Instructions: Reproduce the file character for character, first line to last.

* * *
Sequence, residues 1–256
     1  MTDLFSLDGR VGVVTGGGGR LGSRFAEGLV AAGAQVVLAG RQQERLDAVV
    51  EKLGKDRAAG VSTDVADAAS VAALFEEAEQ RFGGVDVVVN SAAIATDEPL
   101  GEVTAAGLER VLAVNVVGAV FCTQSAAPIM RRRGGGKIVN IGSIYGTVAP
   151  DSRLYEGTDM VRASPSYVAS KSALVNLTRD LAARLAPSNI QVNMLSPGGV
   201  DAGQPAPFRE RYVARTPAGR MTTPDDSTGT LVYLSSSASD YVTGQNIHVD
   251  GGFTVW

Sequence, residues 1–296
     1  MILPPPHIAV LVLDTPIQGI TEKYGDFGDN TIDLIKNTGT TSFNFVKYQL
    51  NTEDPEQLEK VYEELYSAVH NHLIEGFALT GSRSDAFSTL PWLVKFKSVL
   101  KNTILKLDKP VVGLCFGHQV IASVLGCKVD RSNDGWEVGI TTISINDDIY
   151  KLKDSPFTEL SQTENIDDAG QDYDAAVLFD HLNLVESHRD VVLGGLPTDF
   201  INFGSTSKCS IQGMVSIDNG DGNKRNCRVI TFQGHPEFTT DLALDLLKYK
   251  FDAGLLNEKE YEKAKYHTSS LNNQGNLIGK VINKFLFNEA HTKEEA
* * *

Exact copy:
Sequence, residues 1–256
     1  MTDLFSLDGR VGVVTGGGGR LGSRFAEGLV AAGAQVVLAG RQQERLDAVV
    51  EKLGKDRAAG VSTDVADAAS VAALFEEAEQ RFGGVDVVVN SAAIATDEPL
   101  GEVTAAGLER VLAVNVVGAV FCTQSAAPIM RRRGGGKIVN IGSIYGTVAP
   151  DSRLYEGTDM VRASPSYVAS KSALVNLTRD LAARLAPSNI QVNMLSPGGV
   201  DAGQPAPFRE RYVARTPAGR MTTPDDSTGT LVYLSSSASD YVTGQNIHVD
   251  GGFTVW

Sequence, residues 1–296
     1  MILPPPHIAV LVLDTPIQGI TEKYGDFGDN TIDLIKNTGT TSFNFVKYQL
    51  NTEDPEQLEK VYEELYSAVH NHLIEGFALT GSRSDAFSTL PWLVKFKSVL
   101  KNTILKLDKP VVGLCFGHQV IASVLGCKVD RSNDGWEVGI TTISINDDIY
   151  KLKDSPFTEL SQTENIDDAG QDYDAAVLFD HLNLVESHRD VVLGGLPTDF
   201  INFGSTSKCS IQGMVSIDNG DGNKRNCRVI TFQGHPEFTT DLALDLLKYK
   251  FDAGLLNEKE YEKAKYHTSS LNNQGNLIGK VINKFLFNEA HTKEEA